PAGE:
S. thermophilus significantly reduced intestinal mucositis severity in rats treated with a chemotherapy drug, 5-Fluorouracil [16].

4) Gastritis

Long-term aspirin use may cause gastritis. S. thermophilus reduced inflammation and prevented chronic gastritis in studies on aspirin-treated mice [2, 3].

5) IBD

In studies on mice with ulcerative colitis, scientists observed the potential of S. thermophilus to [17, 9]:

  • Increase hematocrit and hemoglobin concentrations
  • Improved acute colitis and intestinal lesions
  • Suppress the Th17 immune response

6) Antibiotic-Associated Diarrhea

The use of antibiotics increases the risk of C. difficile infection, which can result in diarrhea, colitis, and more serious complications [18].

Mice infected with C. difficile and treated with viable S. thermophilus had reduced weight loss, diarrhea, and toxin levels [19].

7) Folate and Hemoglobin Levels

Folate-rich fermented milk produced by high-folate-producing S. thermophilus increases hemoglobin levels in mice [20].

8) Immunity

S. thermophilus exerts an anti-inflammatory effect by suppressing the Th17 response in white blood cells [4].

S. thermophilus stimulated macrophage and T-cell cytokine production in another cell-based study [6].

It promoted epithelial cell regeneration and immunological defense mechanisms in human stomach cells [7].

9) Oral Health

In test tubes, S. thermophilus inhibited the growth of P. gingivalis and reduced the emission of volatile sulfur compounds that can cause bad breath [21].

10) Probiotic Growth

S. thermophilus is used in the production of yogurt alongside Lactobacillus delbrueckii ssp. bulgaricus. These two species are synergistic. S. thermophilus provides L. d. bulgaricus with folic and formic acid, while L. d. bulgaricus provides amino acids and peptides for the growth of S. thermophilus [22].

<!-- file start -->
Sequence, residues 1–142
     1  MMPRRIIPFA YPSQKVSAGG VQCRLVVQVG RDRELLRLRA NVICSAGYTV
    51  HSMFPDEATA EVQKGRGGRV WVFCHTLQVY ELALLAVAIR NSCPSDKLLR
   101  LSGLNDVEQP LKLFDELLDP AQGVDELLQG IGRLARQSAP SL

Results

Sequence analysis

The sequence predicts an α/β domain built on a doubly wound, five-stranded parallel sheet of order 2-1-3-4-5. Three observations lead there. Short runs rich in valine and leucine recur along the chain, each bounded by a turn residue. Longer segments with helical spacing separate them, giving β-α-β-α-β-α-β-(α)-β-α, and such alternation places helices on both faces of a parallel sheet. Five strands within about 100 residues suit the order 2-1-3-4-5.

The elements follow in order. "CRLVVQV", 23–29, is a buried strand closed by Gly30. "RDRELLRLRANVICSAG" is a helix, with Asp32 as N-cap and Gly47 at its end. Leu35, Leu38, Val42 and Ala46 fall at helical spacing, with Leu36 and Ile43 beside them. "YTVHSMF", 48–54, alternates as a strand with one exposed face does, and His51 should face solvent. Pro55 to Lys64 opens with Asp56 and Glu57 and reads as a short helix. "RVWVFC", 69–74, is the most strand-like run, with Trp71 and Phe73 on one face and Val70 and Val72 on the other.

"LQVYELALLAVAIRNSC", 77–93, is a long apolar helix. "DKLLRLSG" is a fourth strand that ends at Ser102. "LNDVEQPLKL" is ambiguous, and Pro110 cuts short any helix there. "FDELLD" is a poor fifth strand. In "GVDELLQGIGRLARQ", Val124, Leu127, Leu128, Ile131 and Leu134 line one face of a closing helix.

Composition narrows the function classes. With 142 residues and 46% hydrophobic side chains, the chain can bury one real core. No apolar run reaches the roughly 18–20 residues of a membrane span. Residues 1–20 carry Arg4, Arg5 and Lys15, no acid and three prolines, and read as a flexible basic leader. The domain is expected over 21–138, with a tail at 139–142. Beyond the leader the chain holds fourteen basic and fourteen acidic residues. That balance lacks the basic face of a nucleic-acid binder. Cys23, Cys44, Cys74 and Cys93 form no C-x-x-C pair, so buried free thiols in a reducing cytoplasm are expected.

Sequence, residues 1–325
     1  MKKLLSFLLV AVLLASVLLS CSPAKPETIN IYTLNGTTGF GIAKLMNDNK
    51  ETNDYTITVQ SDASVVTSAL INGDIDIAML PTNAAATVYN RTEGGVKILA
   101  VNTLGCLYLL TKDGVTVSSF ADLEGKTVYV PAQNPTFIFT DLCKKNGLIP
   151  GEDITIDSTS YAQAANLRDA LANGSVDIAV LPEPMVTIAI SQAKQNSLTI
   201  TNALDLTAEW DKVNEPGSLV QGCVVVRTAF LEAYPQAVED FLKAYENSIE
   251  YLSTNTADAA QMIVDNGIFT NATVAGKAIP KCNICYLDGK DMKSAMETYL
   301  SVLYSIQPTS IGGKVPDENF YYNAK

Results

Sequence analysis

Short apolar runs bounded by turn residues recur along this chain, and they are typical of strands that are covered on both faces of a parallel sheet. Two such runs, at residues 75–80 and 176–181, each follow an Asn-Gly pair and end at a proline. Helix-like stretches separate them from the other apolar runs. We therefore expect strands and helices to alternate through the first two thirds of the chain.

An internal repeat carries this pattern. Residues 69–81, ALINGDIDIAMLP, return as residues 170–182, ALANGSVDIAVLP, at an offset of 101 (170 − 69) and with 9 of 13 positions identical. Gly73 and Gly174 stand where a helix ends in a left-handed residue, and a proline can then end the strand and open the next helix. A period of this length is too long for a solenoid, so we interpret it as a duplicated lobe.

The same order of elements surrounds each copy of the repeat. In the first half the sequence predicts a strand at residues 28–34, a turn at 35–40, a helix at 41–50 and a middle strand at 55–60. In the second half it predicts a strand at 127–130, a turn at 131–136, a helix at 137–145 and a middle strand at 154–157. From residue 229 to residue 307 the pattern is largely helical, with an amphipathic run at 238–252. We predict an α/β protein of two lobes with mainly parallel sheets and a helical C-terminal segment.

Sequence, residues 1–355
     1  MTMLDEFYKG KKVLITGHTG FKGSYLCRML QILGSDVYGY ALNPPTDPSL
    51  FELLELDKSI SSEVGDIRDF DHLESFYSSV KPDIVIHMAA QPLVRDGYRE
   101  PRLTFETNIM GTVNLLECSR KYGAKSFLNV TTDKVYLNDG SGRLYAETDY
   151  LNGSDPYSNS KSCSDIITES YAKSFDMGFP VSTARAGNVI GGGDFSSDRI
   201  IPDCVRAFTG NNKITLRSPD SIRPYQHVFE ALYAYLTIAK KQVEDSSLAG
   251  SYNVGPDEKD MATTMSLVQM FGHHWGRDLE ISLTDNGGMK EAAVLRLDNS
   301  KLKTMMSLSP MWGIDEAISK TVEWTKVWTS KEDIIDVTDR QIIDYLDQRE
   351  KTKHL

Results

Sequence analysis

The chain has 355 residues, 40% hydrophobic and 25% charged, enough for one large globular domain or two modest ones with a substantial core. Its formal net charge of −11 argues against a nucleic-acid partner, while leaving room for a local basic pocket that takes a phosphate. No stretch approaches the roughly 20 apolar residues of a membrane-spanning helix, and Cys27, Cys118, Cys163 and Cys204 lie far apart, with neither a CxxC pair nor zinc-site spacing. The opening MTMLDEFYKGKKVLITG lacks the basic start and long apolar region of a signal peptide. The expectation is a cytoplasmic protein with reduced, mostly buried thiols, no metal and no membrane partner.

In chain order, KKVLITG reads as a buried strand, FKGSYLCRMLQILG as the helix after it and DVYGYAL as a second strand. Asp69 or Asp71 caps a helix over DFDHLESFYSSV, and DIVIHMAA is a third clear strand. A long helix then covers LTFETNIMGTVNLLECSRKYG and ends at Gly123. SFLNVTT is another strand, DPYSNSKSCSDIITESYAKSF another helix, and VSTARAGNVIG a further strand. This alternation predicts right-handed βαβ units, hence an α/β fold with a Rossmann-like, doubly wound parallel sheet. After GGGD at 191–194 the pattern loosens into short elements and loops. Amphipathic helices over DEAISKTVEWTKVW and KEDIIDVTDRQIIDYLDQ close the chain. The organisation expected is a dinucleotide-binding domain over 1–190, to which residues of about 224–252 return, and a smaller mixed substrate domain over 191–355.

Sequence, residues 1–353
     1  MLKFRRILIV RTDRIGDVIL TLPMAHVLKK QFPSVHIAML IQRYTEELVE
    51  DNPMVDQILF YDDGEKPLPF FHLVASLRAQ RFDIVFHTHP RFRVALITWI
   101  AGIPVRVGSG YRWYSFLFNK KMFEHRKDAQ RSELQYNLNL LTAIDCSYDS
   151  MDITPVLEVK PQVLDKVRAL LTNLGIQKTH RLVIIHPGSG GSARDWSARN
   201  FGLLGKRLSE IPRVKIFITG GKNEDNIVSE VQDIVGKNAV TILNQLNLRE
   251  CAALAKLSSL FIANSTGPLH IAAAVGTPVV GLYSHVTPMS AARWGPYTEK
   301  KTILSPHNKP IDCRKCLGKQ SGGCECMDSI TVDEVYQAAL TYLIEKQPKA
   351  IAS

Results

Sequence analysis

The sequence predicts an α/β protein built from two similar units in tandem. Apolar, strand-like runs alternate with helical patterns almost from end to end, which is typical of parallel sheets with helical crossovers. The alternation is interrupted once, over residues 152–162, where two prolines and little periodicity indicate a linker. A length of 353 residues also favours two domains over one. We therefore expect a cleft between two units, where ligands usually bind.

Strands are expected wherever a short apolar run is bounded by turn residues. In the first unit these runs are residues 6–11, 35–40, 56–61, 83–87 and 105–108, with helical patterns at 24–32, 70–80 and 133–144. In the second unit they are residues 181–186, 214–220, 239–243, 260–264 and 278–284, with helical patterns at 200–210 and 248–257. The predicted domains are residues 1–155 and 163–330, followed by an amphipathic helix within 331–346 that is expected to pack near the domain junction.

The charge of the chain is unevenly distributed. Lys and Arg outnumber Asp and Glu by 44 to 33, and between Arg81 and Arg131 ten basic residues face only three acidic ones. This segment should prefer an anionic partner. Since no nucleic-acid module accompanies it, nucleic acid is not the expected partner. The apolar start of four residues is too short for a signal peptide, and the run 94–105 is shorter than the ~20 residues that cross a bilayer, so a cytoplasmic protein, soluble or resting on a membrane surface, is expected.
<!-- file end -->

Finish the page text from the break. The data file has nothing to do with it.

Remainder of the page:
S. thermophilus also improves the viability of L. brevis in milk [23].

Side Effects and Safety Precautions

S. thermophilus is widely used in the dairy industry and is considered safe for consumption.

However, probiotics should be avoided in immunocompromised individuals, people with organ failure, and dysfunctional gut barrier, where they may cause infection [24].

S. thermophilus can produce low amounts of biogenic amines: histamine and tyramine. Hence, people with histamine intolerance should avoid probiotics and fermented foods [25, 26].

About the Author

Biljana Novkovic

Biljana Novkovic

Biljana received her PhD from Hokkaido University.
Before joining SelfHacked, she was a research scientist with extensive field and laboratory experience. She spent 4 years reviewing the scientific literature on supplements, lab tests and other areas of health sciences. She is passionate about releasing the most accurate science and health information available on topics, and she's meticulous when writing and reviewing articles to make sure the science is sound. She believes that SelfHacked has the best science that is also layperson-friendly on the web.